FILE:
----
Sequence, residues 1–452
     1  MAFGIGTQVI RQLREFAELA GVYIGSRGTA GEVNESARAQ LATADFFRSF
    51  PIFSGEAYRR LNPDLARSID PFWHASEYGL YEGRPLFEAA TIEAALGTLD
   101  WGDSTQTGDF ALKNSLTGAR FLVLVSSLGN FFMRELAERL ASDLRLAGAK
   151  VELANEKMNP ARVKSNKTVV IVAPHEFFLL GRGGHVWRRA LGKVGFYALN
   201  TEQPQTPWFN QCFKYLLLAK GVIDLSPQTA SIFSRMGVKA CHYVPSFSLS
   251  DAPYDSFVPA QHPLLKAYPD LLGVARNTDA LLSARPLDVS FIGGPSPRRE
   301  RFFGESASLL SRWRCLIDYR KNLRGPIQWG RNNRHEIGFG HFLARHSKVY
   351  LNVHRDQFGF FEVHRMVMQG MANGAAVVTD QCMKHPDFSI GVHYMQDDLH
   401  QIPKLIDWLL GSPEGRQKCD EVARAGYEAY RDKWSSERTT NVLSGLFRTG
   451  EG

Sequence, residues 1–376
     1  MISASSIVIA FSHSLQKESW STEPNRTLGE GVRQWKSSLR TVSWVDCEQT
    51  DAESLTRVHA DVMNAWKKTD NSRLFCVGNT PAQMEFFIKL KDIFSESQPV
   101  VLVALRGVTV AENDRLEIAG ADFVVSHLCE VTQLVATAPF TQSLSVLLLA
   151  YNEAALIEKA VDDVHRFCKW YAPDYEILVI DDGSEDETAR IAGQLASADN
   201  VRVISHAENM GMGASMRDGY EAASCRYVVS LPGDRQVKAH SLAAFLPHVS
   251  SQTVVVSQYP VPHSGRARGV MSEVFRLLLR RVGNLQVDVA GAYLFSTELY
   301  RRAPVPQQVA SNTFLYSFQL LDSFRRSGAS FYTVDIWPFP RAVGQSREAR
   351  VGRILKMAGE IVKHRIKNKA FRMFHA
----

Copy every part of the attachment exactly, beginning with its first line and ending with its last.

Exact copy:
Sequence, residues 1–452
     1  MAFGIGTQVI RQLREFAELA GVYIGSRGTA GEVNESARAQ LATADFFRSF
    51  PIFSGEAYRR LNPDLARSID PFWHASEYGL YEGRPLFEAA TIEAALGTLD
   101  WGDSTQTGDF ALKNSLTGAR FLVLVSSLGN FFMRELAERL ASDLRLAGAK
   151  VELANEKMNP ARVKSNKTVV IVAPHEFFLL GRGGHVWRRA LGKVGFYALN
   201  TEQPQTPWFN QCFKYLLLAK GVIDLSPQTA SIFSRMGVKA CHYVPSFSLS
   251  DAPYDSFVPA QHPLLKAYPD LLGVARNTDA LLSARPLDVS FIGGPSPRRE
   301  RFFGESASLL SRWRCLIDYR KNLRGPIQWG RNNRHEIGFG HFLARHSKVY
   351  LNVHRDQFGF FEVHRMVMQG MANGAAVVTD QCMKHPDFSI GVHYMQDDLH
   401  QIPKLIDWLL GSPEGRQKCD EVARAGYEAY RDKWSSERTT NVLSGLFRTG
   451  EG

Sequence, residues 1–376
     1  MISASSIVIA FSHSLQKESW STEPNRTLGE GVRQWKSSLR TVSWVDCEQT
    51  DAESLTRVHA DVMNAWKKTD NSRLFCVGNT PAQMEFFIKL KDIFSESQPV
   101  VLVALRGVTV AENDRLEIAG ADFVVSHLCE VTQLVATAPF TQSLSVLLLA
   151  YNEAALIEKA VDDVHRFCKW YAPDYEILVI DDGSEDETAR IAGQLASADN
   201  VRVISHAENM GMGASMRDGY EAASCRYVVS LPGDRQVKAH SLAAFLPHVS
   251  SQTVVVSQYP VPHSGRARGV MSEVFRLLLR RVGNLQVDVA GAYLFSTELY
   301  RRAPVPQQVA SNTFLYSFQL LDSFRRSGAS FYTVDIWPFP RAVGQSREAR
   351  VGRILKMAGE IVKHRIKNKA FRMFHA